“Hidden emissions” in the ICT sector’s foreign supply chains are excluded from companies’ emissions analyzes

Emissions reported by companies in the ICT sector can be notably higher when looking at companies’ supply chains. According to a recent Etla study, the procurement decisions of a company in Finland can significantly change the company’s emission intensity calculations, as the industry’s inputs come from industries in which emissions are much higher than in the ICT-sector itself. The focus of company emissions reporting should therefore be shifted to cover the entire supply chains. Particular attention should be paid to the impact of streaming companies that operate on the over the top business models.

The emission intensity of companies in the ICT sector has decreased in Finland, as the industry is viewed without their supply chain. Hence, the climate impact of the ICT sector is formed through three channels: procurement, the sector’s own carbon footprint and its impact on other economic sectors.

The current reporting of ICT sector’s emissions may create too good picture of ICT companies. The amount of emissions rises significantly when considering companies’ procurement and earlier parts of the supply chains. This is evident from a recent Etla study Greenhouse Gas Emissions of Finland’s Information Economy Sector: A Supply Chain Perspective (Etla Report 121) by Natalia Kuosmanen, Timo Seppälä and Ilkka Ylhäinen. The study, funded by The Finnish Innovation Fund Sitra, investigates how the emissions in the ICT sector have developed in Finland during 2011–2019.

Procurement in the ICT sector come from industries in which greenhouse gas emissions are 77 times higher than the sectors’ own reported emissions, of which more than 60 % come from abroad. The focus of reporting should therefore be shifted to emission analyzes covering the entire supply chain to avoid an erroneous picture, says Etla researcher Timo Seppälä.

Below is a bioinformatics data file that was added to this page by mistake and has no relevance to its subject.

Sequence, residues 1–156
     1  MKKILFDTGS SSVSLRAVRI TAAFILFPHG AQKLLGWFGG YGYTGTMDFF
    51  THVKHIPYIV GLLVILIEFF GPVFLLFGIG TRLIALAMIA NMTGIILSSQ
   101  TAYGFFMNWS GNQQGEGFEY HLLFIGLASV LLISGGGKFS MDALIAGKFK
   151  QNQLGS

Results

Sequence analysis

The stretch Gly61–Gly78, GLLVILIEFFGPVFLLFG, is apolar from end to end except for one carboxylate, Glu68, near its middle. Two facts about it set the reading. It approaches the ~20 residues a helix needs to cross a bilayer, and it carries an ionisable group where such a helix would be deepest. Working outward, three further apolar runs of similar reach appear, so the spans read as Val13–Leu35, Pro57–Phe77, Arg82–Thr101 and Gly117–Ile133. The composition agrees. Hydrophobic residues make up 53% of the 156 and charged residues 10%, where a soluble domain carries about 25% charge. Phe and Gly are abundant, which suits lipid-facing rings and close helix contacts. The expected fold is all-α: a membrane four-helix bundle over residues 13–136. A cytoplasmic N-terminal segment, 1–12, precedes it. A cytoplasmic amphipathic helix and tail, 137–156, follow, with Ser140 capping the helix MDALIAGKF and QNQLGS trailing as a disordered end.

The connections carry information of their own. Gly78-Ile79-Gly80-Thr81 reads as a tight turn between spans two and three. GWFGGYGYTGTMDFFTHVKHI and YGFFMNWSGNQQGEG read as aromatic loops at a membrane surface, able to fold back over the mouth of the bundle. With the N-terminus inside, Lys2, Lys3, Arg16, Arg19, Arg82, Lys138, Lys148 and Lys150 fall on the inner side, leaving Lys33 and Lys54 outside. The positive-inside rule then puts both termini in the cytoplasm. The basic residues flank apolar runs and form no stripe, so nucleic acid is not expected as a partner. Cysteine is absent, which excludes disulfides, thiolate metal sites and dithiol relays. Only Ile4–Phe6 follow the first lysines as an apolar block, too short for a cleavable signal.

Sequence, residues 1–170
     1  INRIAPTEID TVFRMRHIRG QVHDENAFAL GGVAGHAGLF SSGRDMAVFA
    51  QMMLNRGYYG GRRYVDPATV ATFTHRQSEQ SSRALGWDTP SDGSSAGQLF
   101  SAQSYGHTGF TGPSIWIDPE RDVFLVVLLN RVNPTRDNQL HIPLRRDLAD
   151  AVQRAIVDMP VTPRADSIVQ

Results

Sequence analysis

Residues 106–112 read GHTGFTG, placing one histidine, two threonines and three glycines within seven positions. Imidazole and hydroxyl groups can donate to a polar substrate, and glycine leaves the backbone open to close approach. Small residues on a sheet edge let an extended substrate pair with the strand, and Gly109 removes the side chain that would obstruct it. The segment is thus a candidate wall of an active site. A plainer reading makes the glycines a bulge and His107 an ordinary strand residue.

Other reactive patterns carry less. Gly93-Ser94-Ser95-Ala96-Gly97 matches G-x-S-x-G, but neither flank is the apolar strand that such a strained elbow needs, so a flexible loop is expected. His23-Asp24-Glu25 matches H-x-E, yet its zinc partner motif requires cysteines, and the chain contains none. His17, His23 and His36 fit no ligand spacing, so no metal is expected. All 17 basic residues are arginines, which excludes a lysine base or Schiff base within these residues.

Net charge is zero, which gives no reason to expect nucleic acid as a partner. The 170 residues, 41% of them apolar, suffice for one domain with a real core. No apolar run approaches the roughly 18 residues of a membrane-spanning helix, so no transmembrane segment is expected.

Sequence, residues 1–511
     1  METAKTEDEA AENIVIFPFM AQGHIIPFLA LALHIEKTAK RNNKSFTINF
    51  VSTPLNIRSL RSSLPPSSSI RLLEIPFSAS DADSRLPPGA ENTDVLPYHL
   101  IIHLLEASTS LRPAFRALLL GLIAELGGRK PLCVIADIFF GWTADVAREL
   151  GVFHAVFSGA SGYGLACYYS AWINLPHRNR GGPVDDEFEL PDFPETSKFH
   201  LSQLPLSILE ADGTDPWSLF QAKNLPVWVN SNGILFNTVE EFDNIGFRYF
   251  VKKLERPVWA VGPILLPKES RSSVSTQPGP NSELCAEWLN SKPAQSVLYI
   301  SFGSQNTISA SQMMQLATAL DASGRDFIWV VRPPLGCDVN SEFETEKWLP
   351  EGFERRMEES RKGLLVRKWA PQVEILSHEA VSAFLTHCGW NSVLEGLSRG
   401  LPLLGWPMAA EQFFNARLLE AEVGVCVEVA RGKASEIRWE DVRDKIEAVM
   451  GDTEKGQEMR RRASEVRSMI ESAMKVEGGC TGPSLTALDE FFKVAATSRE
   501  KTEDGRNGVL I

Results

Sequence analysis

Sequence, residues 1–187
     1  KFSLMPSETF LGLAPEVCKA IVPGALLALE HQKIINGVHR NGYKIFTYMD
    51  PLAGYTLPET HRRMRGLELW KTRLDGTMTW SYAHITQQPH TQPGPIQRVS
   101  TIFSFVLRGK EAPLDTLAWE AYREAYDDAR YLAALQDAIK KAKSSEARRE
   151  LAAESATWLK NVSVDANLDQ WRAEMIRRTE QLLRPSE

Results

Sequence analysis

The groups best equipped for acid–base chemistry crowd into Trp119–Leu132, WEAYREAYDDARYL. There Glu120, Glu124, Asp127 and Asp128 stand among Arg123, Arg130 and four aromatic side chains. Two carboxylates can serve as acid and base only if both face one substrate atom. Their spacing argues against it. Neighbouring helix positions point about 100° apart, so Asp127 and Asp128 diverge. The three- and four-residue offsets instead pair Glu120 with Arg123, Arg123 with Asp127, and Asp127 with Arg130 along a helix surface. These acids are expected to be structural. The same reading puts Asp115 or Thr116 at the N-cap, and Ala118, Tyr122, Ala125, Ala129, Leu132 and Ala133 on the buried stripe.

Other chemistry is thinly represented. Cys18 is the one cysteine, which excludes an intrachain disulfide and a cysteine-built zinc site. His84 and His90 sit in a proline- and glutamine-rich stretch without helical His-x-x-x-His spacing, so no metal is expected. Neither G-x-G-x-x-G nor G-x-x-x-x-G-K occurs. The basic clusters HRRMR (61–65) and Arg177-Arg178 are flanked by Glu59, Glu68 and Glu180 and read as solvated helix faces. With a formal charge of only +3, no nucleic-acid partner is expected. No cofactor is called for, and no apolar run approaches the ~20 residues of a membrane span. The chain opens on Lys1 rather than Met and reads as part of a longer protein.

– Sectoral reporting of greenhouse gas emissions provides a flawed picture of how environmentally friendly single company or industry is. Procurement decisions of materials, components, subassemblies and services for an individual company and industry, as well as other outsourcing decisions, can significantly change a company’s emission intensity, Seppälä points out.

Finland has outsourced emissions to foreign value chains

In recent years, Finland has outsourced its greenhouse gas emissions and emission intensity more abroad in the supply chain of the ICT sector. The inputs of the sector come mainly from China and United States.

The inputs and outputs of streaming service companies have not been considered in the study because the companies are not registered in Finnish statistics. The emissions of such companies operating in the “Over the top” (OTT)  business model are recorded in the statistics of the company’s country of registration, which makes it difficult to analyze the actual emissions.

– Streaming service companies are increasing the foreign inputs in the ICT sector. Finnish ministries should pay special attention to these companies operating on the OTT business models and their wider environmental effects focusing on their carbon footprint and emissions, says Etla researcher Natalia Kuosmanen.

Companies should also be required more detailed emissions reporting as well as to consider emissions more comprehensively, comments Etla researcher Ilkka Ylhäinen.

– Corporate management should pay particular attention to emissions in the selection and management of suppliers, especially for high-volume inputs such as mobile devices and computers, Ylhäinen says.